More Opinion

You Are Being Tracked

How the lack of rules govering the search, seizure, achiving and dissemination of personal information violates our privacy and civil liberties

The American Civil Liberties Union (ACLU) released a report on the lack of rules governing how information gathered from license plate readers, such as the one utilized by the Hollister Police Department, raises serious privacy and civil liberty concerns about the automatic searching, seizing, archival and dissemination of personal and private driver information - to who knows whom. The wide variation, and in most cases, the undisclosed use of such information is most disturbing in a free society.

The ACLU’s report, "You Are Being Tracked," releases some 300 police department documents showing location records being kept on tens of millions of innocent Americans- this includes Hollister automobile drivers and residents.

I call upon the Hollister City Council and the chief of the Hollister Police Department, since they supported and feel most comfortable in their authorization of these instruments of personal intrusion into our private lives and movements – for no apparent reason – to release the official department policy, guidelines and regulations governing their use.       

To see the ACLU report, click here.

 

About:
Luis Burguillo (An Engaged and ...)

As a student of the media and journalism, I am interested in utilizing the medium in order to assure that the residents of the City of Hollister and San Benito County are alerted, informed and educated on the official actions of their elected officials who are sworn to preserve, protect and defend the US constitution and Bill of Rights. More importantly, their engagement in the political process will hold the leaders accountable for their actions/decisions and lead to an improved governance.

Comments

Submitted by (Paul Hartnett) on

In all likelihood, there are likely few orno guidelines established for these readers and the tracking technology employed in Hollister. This has tended to be the practice employed by police until abuses become known. It is important to recognize that surveillance goes beyond the readers, and includes facial recognition of citizens. Such focused photography has led police to abuse such technology by using cameras to look at people who are objects of their sexual interest.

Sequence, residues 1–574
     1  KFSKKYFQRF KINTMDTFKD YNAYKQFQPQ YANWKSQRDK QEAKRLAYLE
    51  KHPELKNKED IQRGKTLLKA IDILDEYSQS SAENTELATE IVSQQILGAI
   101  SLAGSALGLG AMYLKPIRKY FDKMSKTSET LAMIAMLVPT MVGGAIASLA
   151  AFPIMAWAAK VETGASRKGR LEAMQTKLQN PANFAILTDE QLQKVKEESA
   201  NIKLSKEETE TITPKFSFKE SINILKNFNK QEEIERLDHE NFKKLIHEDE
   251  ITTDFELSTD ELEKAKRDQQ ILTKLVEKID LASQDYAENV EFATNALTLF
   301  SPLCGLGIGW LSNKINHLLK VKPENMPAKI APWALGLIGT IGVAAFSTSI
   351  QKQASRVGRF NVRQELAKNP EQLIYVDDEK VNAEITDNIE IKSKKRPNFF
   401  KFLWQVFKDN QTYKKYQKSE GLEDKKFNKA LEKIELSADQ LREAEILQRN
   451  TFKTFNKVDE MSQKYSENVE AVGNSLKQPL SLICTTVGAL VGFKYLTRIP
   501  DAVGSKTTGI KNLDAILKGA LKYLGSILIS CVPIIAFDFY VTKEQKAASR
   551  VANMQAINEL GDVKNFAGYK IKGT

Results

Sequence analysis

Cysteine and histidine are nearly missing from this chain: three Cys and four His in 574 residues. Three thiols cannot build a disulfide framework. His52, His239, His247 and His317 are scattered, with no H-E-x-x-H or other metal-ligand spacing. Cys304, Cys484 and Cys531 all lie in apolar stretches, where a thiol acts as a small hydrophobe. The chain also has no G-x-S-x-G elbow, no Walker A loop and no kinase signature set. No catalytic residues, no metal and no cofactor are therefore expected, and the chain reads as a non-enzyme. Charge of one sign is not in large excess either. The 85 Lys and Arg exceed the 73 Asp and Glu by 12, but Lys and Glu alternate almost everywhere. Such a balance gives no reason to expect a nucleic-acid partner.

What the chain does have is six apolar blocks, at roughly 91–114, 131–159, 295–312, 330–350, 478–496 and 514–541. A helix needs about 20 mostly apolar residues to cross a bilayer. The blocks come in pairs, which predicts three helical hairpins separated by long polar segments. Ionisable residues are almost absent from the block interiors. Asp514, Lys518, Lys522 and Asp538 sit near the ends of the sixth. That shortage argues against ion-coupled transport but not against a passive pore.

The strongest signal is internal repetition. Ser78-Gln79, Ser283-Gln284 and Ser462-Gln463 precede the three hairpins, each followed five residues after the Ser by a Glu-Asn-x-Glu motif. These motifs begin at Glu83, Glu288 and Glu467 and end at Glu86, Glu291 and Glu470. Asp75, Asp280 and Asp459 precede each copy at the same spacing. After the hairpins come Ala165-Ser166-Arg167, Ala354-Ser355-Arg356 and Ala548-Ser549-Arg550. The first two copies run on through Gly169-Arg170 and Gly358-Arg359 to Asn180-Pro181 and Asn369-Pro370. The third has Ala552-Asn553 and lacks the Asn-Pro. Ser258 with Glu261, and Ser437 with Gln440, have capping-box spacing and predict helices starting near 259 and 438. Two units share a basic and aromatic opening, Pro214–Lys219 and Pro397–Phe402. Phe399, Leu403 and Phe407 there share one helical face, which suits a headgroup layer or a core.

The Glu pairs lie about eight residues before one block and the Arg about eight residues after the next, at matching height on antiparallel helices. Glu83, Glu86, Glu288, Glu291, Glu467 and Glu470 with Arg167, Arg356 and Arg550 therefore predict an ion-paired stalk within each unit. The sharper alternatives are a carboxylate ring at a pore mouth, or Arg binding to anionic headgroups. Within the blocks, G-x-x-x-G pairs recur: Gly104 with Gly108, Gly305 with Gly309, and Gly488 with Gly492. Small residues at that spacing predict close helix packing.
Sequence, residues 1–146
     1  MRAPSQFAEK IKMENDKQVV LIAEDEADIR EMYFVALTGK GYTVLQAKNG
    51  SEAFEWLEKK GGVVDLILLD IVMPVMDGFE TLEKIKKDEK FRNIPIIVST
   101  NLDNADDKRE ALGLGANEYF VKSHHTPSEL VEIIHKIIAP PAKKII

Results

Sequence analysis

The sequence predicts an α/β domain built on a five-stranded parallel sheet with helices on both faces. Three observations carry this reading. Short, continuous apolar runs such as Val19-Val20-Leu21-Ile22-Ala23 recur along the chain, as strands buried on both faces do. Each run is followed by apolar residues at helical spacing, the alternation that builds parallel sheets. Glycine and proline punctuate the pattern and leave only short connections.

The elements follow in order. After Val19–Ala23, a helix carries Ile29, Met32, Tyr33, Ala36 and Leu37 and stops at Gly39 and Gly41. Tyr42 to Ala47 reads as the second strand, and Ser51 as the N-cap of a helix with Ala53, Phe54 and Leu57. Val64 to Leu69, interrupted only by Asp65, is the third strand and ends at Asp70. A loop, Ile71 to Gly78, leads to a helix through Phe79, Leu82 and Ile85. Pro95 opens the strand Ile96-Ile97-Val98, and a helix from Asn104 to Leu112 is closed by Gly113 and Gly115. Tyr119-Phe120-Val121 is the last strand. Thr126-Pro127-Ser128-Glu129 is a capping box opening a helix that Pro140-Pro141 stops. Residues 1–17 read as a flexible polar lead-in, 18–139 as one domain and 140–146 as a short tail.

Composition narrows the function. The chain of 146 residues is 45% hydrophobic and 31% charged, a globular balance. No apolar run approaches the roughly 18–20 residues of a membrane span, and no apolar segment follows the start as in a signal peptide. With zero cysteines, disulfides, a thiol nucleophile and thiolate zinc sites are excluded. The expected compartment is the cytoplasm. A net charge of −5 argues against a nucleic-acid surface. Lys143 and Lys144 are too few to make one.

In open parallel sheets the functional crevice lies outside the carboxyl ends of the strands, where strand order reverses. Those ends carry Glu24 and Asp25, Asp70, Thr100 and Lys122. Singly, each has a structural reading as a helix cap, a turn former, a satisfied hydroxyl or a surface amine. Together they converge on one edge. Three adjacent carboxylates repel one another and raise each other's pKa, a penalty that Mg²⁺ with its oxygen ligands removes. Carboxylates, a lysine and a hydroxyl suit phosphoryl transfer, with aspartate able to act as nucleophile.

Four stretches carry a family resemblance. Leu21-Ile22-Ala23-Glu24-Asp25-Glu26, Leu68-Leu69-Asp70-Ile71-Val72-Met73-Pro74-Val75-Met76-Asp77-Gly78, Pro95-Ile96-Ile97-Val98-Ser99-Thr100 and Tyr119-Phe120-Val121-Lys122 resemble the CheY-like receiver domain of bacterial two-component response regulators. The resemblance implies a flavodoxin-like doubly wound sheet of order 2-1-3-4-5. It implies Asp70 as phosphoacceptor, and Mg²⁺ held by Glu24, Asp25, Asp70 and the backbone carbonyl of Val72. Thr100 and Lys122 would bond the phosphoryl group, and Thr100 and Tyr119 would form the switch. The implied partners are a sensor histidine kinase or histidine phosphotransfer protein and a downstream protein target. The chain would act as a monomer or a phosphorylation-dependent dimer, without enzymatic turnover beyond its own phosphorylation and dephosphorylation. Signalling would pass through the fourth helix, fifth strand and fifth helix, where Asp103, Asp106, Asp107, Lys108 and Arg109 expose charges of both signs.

As a result, police departments have had to turn off cameras because they were used to peep into women's bathrooms or spy on girlfriends and wives (or ex-girlfiends, wives).
In most jurisdictions, policies were written in the aftermath of such scandals.
Like the old song said I got a feeling somebody's watching me.
The implications for democracy in a society where privacy is essential are frightening--and the capability of storing surveillance indefinitely because of the inexpensive cost of memory means surveillance can be kept indefinitely.

Submitted by (Paul Hartnett) on

Paranthetically, it is noteworthy that though we paid $300,000 for a camera system under pressure from Hollister PD, the shootings that occured were not downtown.
Query: is the corollary for if guns are outlawed, only outlaws will have guns if everybody is being filmed,will only outlaws be out of cameras' reach?
I know that private cameras at Chevron station picked up the shooting, but the real question is was it worth $300,000? How about a drug rehab program for ex-offenders in recovery?
Come on, my friends. Can we not spend money both more conservatively and more wisely?
We spent as much money on those danged cameras at the city council level as we do at the library over 20 years. (Average budget for library from city council $15,000 per year. Do the math.
15 x 20 is equal to 300. Grand, that is. Big bucks.)
Next time, let's spend our money more wisely. As the city expands with new housing, we will need it. Money for libraries is abetter investment in our community than peeping cameras. Especially a $300,000 boondoggle that didn't catch the assailant involved in the shootings on the Fourth of July rally.

Submitted by (Luis Burguillo) on

Why not ask our city elected and appointed "leaders" to account for their decisions and actions? Or will we allow ourselves to be taken to the slaughter house like animals?

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